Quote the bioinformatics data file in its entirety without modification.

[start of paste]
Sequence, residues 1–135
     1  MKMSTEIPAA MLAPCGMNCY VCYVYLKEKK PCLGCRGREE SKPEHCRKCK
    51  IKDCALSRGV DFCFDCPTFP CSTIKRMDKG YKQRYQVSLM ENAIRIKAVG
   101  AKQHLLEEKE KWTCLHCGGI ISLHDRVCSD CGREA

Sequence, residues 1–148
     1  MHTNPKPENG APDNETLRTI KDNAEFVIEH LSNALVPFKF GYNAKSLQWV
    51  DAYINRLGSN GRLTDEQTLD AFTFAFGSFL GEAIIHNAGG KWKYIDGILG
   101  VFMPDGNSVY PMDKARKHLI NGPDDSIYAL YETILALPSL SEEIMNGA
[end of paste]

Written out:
Sequence, residues 1–135
     1  MKMSTEIPAA MLAPCGMNCY VCYVYLKEKK PCLGCRGREE SKPEHCRKCK
    51  IKDCALSRGV DFCFDCPTFP CSTIKRMDKG YKQRYQVSLM ENAIRIKAVG
   101  AKQHLLEEKE KWTCLHCGGI ISLHDRVCSD CGREA

Sequence, residues 1–148
     1  MHTNPKPENG APDNETLRTI KDNAEFVIEH LSNALVPFKF GYNAKSLQWV
    51  DAYINRLGSN GRLTDEQTLD AFTFAFGSFL GEAIIHNAGG KWKYIDGILG
   101  VFMPDGNSVY PMDKARKHLI NGPDDSIYAL YETILALPSL SEEIMNGA